This article was first published by bloc, a left leaning political forum based in Yorkshire. As always, my thanks to them for supporting my writing.
This article is inspired, in part, by comments made by a Chris Bryant MP at a recent conference on the relevance of Magna Carta to modern democracy.
Voting data was drawn from The Public Whip (http://www.publicwhip.org.uk/), a not-for-profit, open source website created in 2003 by Francis Irving and Julian Todd and now run by Bairwell Ltd. Data was collected in August 2015, and was correct at time that time. Given the nature of parliamentary process, this is inevitably subject to change. It should also be noted that this was written prior to the election of Jeremy Corbyn as labour leader, and the resultant shadow cabinet reshuffle.
I am sure we all agree that politicians should vote as their conscience and their constituencies direct. They are our elected representatives, and should be free to do that. The ideal of a free parliament has been an established in British political theory for centuries. But this freedom is slowly being worn away. My great grandmother, Evelyn Emmet was a Conservative MP, and later a peer. Elected in 1955, she was involved in politics until her death in 1980, serving as a deputy speaker of the House of Lords from 1968-1977. She spoke with disdain of a shift in the way parties controlled their MPs via the whip system, which became increasingly strict. Direct instructions to specific MPs are not allowed of course, so the party’s wishes are expressed unequivocally but indirectly. At one end of the scale is the ‘one-line’ whip – simple advice on the party line – whereas a three-line whip is a strict instruction, breach of which might lead to expulsion from the party (though precise information on these rules and repercussions is not available to the general public). During my great grandmother’s time in politics, standard instructions shifted from the moderate to the more severe, with the one-line whip becoming a rare beast.
But this article is not going to focus on whip, primarily because it is very hard to get concrete information on them. Sites such as The Public Whip do not have the information, nor are MPs vocal about it. The weekly briefing on votes (also, confusing called the Whip) is confidential, and when I mentioned the matter within a letter to my constituency MP it received no reply. The party whips will continue to operate from the shadows, unless we can secure the publication of the weekly Whip briefing. But that is a challenge for another day. Instead, I will focus on the general freedom of MPs to as they see fit and to rebel against the party.
Between them, the Conservative and Labour Parties hold 582 of the 650 seats in the House of Commons – 330 Conservative MPs and 232 Labour MPs. This means that just under 90% of the votes will tend to follow one of two, predictable party lines. On core issues, where the whip is likely to be strong, 90% of the votes can be predicted with reasonable reliability beforehand. Given the Conservative majority, it is therefore likely that, on the issues most fundamental to their party, the government will be able to push their legislation through the Commons. The Lords is more complex – the government does not have a majority, the make-up is more mixed, and includes the cross-bench peers with no party affiliation – however in the commons it is the case that, for their core policies, the government is likely to win the day.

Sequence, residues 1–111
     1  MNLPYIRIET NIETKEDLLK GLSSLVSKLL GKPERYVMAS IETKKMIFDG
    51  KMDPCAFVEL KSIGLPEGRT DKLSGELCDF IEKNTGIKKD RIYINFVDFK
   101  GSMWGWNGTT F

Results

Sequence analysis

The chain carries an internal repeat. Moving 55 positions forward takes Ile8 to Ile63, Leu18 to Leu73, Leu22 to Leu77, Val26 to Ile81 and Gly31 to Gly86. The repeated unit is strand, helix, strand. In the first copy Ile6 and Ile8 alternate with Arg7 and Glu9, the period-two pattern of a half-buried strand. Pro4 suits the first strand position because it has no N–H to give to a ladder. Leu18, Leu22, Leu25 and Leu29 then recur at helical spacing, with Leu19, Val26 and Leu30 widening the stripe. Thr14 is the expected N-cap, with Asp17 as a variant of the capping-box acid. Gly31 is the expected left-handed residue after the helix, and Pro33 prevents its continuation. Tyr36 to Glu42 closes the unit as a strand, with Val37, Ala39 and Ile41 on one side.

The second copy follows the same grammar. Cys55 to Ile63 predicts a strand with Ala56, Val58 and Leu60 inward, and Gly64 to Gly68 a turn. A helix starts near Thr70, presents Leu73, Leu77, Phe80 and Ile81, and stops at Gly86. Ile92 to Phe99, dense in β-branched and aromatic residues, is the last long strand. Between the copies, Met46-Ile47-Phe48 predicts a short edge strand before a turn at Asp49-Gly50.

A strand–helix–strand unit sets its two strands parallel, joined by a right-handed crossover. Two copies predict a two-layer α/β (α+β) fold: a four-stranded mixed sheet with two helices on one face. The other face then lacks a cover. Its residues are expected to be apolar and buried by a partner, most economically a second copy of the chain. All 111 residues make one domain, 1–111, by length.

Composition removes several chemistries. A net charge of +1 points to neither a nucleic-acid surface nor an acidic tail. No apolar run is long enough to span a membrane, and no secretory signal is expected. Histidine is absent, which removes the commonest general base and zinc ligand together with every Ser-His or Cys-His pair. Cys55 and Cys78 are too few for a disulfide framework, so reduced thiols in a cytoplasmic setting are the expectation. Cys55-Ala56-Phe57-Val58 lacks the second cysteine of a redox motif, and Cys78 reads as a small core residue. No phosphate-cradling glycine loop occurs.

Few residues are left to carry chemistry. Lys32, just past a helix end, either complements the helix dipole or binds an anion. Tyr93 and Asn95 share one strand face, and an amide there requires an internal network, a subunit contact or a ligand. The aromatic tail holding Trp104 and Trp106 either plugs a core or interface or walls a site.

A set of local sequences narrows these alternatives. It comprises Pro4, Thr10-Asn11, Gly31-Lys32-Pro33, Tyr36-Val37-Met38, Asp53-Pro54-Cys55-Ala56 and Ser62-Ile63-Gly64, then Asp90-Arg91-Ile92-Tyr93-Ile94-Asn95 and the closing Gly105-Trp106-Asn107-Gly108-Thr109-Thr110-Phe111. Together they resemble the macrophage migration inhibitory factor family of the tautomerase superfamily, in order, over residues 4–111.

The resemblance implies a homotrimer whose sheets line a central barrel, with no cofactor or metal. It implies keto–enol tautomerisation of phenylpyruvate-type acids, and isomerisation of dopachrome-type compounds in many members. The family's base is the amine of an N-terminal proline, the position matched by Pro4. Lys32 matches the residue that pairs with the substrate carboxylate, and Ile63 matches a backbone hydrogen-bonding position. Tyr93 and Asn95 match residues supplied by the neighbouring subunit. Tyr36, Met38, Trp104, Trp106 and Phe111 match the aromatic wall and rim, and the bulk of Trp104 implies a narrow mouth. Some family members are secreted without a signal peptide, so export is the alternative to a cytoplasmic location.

More interesting are the votes on less fundamental issues where the whip is likely to be weaker. Of course, information on Whipping is not made public. For a detailed discussion of this issue, see the Public Whip FAQ (http://www.publicwhip.org.uk/faq.php). All we can do, therefore, is consider information on all votes as if they were the same, and consider average voting records. Public Whip makes available the voting records of members going back to 1997 (though data from before the last election can be challenging to use – I speak from experience here), including the percentage of votes in which they voted differently to majority of voting members of their party. Voting against the majority of your party is deemed to be a rebellion. This is not a perfect system for reckoning rebellions – it doesn’t account for free votes, or for cases where the party line was to abstain (as was the case for the recent welfare reform bill, in which 47 Labour MPs actively opposed the bill). These 47 rebels are not recorded as such, because they represented the entirety of the party’s voting members. Despite these flaws, one can still do a substantial amount with it as bulk data. While the information that Adam Afriyie (Conservative MP for Windsor) apparently rebelled in 2.1% of votes in this parliament is not particularly reliable (for the reasons outlined above) or particularly informative (given the small number of votes in this parliament so far), we can draw some interesting correlations if we take the data en masse, allowing for a certain margin of error.